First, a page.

Access Type

Open Access Dissertation

Date of Award

January 2016

Degree Type


Degree Name



Instructional Technology

First Advisor

Ke Zhang



Effect of Expert Modeling on Ill-Structured Problem Solving in an Undergraduate General Education

Honors Course


Minakshi Lahiri

May 2016

Advisor: Dr. Ke Zhang

Major: Instructional Technology

Degree: Doctor of Philosophy

This dissertation research was based on David H. Jonassen’s recommendation that not all problems are the same and different types of problems require different approaches of instruction and scaffolding (Jonassen & Hung, 2008). Jonassen (2011) provided a set of recommended components (problem types, case components, cognitive supports) for designing effective Problem Based Learning Environments (PBLEs).

The purpose of this research was to investigate the effect of using expert modeling of ill-structured problem solving as a scaffolding strategy on undergraduate students’ problem solving outcome. Expert’s analytical guideline to approach and solve an ill structured problem and an example of the expert’s problem solving report was used as scaffold for the problem solving task.

The problem solving performance of the undergraduate students were measured on the three major problem solving learning outcomes as listed below:

i. Ability to define problem

ii. Ability to analyze issues critically and comprehensively

iii. Ability to evaluate proposed solutions/hypotheses to problems

The above mentioned problem solving outcomes and performance scales and categories were defined by a rubric that was developed following the guidelines from the Association for American Colleges and Universities (AACU) problem solving VALUE rubric (Valid Assessment of Learning in Undergraduate Education).

Participants of this study were from 2015 Fall freshmen cohort of Honors College, in a public urban research university in the mid-west of USA. Six Honors College First Year sections participated in this study. Three sections formed the Control group and another three sections formed the Treatment group. The sections were assigned to Control or Treatment group depending on the instructor and was determined with a coin toss. For practical feasibility, three Control Group sections were taught by the same instructor and three Treatment Group sections were taught by same instructor. Students who were less than 18 years of age at the beginning of the fall semester of 2015 were not considered in the study. Total number of participants who qualified for the study, Treatment and Control group combined was 144.

Two groups received an identical problem Task I. 122 participant scores from treatment and control sections combined were analyzed for problem solving Task I to give a baseline problem solving score for the two groups. After Task I, 122 participants were considered for the data analysis of the problem solving task - Task II in this study. There were 54 Participants in the Control Group and 68 participants in the Treatment Group for Task II. The treatment group received the treatment (expert modeling scaffolding) along with Task II and the control group received only the problem solving task - Task II, no scaffold. The problem solving reports from the two groups were graded using the rubric by two reviewers using blind review mechanism for reliability. Reflection responses (optional) were also collected from the treatment group participants on their problem solving experience with the scaffold. Percentage agreement and Cohen’s Kappa were calculated as measures of reliability.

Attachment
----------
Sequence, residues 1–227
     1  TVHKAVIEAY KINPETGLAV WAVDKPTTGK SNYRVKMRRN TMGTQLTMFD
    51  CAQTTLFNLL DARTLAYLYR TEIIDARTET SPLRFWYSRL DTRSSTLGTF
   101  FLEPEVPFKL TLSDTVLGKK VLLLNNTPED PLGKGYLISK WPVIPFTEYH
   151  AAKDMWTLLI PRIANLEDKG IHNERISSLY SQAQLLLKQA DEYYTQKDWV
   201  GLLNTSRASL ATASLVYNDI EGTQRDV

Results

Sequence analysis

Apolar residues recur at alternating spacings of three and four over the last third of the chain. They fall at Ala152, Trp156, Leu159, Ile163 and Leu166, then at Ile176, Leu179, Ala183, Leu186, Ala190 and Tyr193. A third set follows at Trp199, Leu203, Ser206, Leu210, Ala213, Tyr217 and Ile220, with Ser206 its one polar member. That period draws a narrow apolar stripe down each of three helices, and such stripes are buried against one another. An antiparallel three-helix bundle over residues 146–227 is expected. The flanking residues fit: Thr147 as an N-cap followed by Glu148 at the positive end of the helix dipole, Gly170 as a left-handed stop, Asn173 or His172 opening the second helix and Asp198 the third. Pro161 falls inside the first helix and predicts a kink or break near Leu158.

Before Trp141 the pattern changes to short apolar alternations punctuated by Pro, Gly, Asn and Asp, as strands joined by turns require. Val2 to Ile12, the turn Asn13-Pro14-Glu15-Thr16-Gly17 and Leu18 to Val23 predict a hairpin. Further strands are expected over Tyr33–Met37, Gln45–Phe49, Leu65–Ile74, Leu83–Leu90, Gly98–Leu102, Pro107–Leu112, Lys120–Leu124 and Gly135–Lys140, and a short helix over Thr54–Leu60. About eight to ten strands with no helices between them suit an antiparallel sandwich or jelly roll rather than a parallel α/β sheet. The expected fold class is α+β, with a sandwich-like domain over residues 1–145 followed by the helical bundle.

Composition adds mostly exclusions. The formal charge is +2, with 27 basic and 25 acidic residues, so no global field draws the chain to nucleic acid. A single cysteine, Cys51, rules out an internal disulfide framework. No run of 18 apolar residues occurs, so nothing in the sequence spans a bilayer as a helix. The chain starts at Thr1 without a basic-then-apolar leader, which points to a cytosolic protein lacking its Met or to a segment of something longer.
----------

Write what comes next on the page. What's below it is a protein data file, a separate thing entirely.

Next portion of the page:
Results of the quantitative data analysis indicated that the treatment group performed significantly better than the control group in the overall problem solving outcome as well as for the components “Ability to define problem” and “Ability to evaluate proposed solutions”. The result was slightly insignificant for the category “Analyze issues critically and comprehensively”. Qualitative data analysis of the treatment group reflection responses were highly positive and indicated that the learners perceived that the scaffold strategy was beneficial for them and that they learned from the experts analytical guidelines. The participants thought that the expert modeling benefited them by providing a useful tool and framework that they could use in future for other similar problem solving situations; the scaffolding strategy helped them organize and structure the information and helped them follow expert’s strategies on critical thinking and problem solving while approaching and working on the problem solving task.